When Ontario liquor laws temporarily changed to allow restaurants to sell wine with take-away and delivery orders, executive chef Ryan Crawford quickly removed some banquettes at his Niagara-on-the-Lake restaurant to make the wine cellar more accessible to customers. The bottles – adorned with new price tags – range from a popular selection of under $30 reds and whites to expensive vintages from Bordeaux, Burgundy and California that ring up at $150 or more.
Now that those regulations, which are set to expire Dec. 31, are under review by the Doug Ford government to become permanent, Crawford is planning to add to the selection and include what he’s calling “Niagara’s Top 100” wines. “I want to expand the representation of the quality wines made right here,” he says.
Crawford has also changed the way he runs his business to stay afloat during the COVID-19 pandemic. He has re-invented his farm-to-table restaurant, Backhouse, as Ruffino’s Pasta & Grille, expanding a pop-up concept he operated during winter months. In addition, he stocks a selection of groceries as part of its “supermercato.”
“It helps,” Crawford says. “We’re able to sell an extra bottle of wine to a customer who dined with us to take home with them or add to a takeout order. But it’s only going to be a major benefit if we can get these wines at wholesale prices. We cannot compete with local wineries or the LCBO on price.”
Currently before the Ontario Legislature, the Main Street Recovery Plan and Main Street Recovery Act, 2020, are designed to assist businesses hardest hit by the shutdowns. They commit “to exploring options to permanently allow licensed restaurants and bars to include alcohol with food as part of a takeout or delivery order before the existing regulation expires.”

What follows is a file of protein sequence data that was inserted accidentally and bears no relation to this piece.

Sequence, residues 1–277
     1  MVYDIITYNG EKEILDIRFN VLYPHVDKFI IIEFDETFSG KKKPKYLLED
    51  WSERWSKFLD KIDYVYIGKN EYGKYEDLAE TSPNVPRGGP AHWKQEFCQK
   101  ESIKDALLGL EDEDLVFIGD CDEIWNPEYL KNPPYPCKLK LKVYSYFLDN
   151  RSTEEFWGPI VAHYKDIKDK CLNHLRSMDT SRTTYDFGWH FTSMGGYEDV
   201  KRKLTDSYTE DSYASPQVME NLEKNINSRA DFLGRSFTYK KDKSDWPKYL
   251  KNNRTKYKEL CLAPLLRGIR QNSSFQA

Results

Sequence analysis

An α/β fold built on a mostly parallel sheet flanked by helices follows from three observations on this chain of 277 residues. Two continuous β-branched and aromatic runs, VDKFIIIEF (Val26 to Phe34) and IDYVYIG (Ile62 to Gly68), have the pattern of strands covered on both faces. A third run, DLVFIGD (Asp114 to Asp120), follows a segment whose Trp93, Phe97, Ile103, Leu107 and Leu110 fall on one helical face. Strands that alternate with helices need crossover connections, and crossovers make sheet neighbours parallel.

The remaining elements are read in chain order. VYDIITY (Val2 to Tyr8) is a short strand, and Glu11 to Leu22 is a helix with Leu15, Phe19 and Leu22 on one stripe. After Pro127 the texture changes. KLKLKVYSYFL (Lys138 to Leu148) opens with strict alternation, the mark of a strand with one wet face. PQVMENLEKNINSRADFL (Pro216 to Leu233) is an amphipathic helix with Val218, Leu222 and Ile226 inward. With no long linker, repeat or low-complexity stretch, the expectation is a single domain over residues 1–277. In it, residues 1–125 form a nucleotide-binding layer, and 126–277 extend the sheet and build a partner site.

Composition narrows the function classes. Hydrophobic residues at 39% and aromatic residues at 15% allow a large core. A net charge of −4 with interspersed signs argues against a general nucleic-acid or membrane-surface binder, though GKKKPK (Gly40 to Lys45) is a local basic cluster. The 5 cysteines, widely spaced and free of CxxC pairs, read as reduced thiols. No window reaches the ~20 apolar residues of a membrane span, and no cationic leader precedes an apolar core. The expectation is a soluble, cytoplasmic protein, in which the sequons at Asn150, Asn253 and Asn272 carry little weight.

If the plans are approved, securing wholesale prices will be key for the long-term viability of restaurants operating bodega-style bottle shops, agrees Krysta Oben, general manager of Paris Paris wine bar in Toronto. “It’s crucial to the sustainability of robust and profitable shops going forward.”
She’s grateful for the relaxed regulations thus far, calling them “a real lifesaver.” Without a big patio or strong Uber Eats presence, operating as a bottle shop has been critical for business. “It’s been good for us and for many others, I know, like Midfield and Piquette,” she says, naming two other west end wine bars. “I really hope it stays. It’s not like restaurants are suddenly going to be fine on Jan. 1.”
Oben is also a partner of Grape Witches, an events and tasting business she founded with Nicole Campbell. It expanded to become a wine club and import agency, and has been operating Grape Glass, a shop that specializes in organic and biodynamic bottles for the past two months. The duo originally leased the storefront on Dundas West on March 7 to be an event and office space, but when restaurants were given the go ahead to sell wine, they changed plans to accommodate retail.